What are the main things that Christianity has to say to gay people?

The main thing that Christianity says to gay people is “don’t have sex with the person/people you want to.” “Oh… and sure as heck don’t get married to them.” Well, that’s a common thought. I’m pretty sure it’s wrong, however. Dangerously wrong. What does this all mean, though? Perhaps that sexual ethics is best summed up as “get consent, have fun, be nice to people and try not to be hurt”? Here’s an attempt to explore a position in the no-man’s-land of the middle ground.

Christians sometimes have a lot to say to gay people, perhaps there’s just awkward silence. But what does the Bible say? Here are some of my personal thoughts.

Firstly, gay people (and more generally, LGBTI) have been treated badly and Jesus welcomes those who society rejects.

Those who are not seen as fitting the norm; as meeting the sexuality standard or as being relationally respectable; are amongst the first in God’s kingdom. How often have you heard that, from those who would say they have a very high view of Christian scripture? I fear seldom. Eunuchs, prostitutes, childless women, and one central unmarried man are important figures in the story of the Bible, written about and from within cultures where having a respectable marriage and gazillions of children were very much the ideal. God is used to using people who aren’t great models for ‘traditional family values’. King David was an adulterer and a murderer. Solomon, teacher of wisdom, had a few too many wives. etc. The first non-Jewish convert to the Christian faith who we’re told of was a castrated man who wouldn’t be allowed into the temple. God himself hung naked nailed to a cross while people gambled for his clothes and mockingly pretended to hail him as a king. It’s not quite a perfect G-rated fit with the glitter and cotton wool and 90s Christian kids songs of a typical Sunday school lesson.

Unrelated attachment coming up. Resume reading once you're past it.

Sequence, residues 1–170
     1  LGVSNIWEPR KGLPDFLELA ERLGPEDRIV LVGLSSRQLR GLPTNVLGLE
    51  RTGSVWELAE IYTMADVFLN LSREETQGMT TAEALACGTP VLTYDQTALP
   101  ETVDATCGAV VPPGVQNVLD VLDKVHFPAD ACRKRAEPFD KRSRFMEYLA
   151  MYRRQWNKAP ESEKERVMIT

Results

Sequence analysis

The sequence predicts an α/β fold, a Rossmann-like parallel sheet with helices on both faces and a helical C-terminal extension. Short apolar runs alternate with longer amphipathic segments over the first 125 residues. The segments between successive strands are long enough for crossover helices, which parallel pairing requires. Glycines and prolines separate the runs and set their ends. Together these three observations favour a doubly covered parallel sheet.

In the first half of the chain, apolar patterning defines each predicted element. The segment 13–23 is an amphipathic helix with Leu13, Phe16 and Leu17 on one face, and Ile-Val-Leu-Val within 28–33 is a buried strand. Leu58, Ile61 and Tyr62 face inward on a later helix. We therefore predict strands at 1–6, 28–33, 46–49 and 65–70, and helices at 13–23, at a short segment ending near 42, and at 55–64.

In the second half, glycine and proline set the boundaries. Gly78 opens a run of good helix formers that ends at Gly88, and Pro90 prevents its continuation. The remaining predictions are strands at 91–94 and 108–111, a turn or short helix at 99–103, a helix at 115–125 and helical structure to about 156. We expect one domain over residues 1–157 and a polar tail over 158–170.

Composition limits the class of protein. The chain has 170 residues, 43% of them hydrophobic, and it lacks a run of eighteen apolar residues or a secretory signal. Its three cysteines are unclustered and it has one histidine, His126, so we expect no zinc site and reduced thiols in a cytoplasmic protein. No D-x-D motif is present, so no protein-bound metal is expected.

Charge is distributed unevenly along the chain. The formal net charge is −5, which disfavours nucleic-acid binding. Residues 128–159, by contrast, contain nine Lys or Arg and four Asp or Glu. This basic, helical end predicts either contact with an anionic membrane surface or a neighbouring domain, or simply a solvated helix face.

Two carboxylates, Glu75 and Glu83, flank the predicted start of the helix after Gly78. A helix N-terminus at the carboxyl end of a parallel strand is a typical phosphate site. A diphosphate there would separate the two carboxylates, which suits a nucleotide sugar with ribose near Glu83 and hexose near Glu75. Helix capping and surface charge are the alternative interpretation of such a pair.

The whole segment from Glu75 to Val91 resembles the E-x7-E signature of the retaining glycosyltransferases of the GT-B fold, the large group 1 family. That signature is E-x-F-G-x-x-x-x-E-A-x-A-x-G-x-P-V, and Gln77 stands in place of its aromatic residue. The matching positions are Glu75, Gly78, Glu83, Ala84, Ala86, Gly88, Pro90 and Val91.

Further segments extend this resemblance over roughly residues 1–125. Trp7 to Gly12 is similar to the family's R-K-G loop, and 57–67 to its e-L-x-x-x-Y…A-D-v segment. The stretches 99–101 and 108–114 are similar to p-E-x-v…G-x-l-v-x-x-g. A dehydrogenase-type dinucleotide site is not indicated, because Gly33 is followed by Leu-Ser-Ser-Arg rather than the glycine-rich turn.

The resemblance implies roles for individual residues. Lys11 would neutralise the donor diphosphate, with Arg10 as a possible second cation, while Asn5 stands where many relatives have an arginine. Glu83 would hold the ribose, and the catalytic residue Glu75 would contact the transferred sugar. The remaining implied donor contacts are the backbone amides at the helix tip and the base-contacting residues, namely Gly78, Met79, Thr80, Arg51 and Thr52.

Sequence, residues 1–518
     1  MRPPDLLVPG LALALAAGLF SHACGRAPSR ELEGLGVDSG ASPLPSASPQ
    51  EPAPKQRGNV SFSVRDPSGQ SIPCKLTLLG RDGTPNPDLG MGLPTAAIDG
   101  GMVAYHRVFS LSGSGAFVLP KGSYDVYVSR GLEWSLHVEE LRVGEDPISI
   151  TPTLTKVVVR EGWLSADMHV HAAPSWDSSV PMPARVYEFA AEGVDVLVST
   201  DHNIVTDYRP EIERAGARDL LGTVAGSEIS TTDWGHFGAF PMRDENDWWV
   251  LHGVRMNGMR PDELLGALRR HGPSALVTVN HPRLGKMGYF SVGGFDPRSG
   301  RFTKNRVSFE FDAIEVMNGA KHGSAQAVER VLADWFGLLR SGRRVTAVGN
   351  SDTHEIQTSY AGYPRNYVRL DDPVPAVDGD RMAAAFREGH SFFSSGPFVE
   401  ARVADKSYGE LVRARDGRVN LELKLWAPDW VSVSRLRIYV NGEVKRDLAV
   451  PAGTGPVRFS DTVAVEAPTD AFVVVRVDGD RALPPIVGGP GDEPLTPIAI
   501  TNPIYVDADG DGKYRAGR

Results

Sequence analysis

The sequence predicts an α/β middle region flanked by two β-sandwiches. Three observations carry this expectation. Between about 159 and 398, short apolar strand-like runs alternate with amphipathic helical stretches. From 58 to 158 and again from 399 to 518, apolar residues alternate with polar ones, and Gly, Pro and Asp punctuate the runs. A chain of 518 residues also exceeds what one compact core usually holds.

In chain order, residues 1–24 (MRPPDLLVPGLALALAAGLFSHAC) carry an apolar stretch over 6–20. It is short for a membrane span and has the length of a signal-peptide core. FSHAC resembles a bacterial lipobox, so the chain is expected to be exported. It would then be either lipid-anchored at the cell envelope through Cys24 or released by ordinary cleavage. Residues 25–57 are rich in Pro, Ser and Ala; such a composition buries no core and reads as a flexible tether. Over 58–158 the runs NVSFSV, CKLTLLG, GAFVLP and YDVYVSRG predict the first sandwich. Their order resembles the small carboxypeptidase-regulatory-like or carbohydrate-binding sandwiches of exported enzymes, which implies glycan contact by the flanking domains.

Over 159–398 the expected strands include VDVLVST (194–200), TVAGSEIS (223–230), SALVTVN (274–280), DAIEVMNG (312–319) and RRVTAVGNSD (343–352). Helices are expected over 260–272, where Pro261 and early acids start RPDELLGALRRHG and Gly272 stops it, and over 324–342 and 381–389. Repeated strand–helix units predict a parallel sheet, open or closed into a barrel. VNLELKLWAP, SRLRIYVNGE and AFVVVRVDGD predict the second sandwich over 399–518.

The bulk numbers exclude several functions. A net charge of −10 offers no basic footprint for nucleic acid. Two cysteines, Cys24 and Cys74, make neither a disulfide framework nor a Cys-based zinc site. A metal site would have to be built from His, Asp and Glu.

This is the main thing I wanted to say in this post, but the rest is written to try to fill it out a bit in response to queries people may have.

I suggest that a biblical view has a much higher view of gay people than a secular one. Infinitely higher. A secular view says that every person – even if they’re gay! – is, at the end of the day, living out culturally constructed myths of meaning and morality in a world of cold (sub-atomic) wavicles, with an ultimate destiny of being worm-food. A biblical world-view holds out hope of a life that never ends on a restored Earth with people washed clean of their nastiness and selfishness and given new hearts that don’t incline towards evil.